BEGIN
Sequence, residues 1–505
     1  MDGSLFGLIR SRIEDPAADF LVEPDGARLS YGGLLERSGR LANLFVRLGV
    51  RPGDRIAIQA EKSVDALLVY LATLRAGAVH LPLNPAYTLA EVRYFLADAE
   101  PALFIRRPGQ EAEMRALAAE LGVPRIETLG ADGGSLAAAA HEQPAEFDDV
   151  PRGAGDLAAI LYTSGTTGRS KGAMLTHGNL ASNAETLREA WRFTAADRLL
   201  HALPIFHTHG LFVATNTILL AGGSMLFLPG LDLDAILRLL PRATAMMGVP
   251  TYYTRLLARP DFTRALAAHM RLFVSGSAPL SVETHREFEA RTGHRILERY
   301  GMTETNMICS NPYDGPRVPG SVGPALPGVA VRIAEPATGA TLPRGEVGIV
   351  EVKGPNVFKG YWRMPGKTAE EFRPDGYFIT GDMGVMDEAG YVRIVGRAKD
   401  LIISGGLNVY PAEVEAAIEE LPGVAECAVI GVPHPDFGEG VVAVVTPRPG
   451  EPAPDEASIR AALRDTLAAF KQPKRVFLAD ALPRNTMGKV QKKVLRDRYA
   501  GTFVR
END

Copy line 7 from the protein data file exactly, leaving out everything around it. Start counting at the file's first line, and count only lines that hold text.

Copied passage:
   251  TYYTRLLARP DFTRALAAHM RLFVSGSAPL SVETHREFEA RTGHRILERY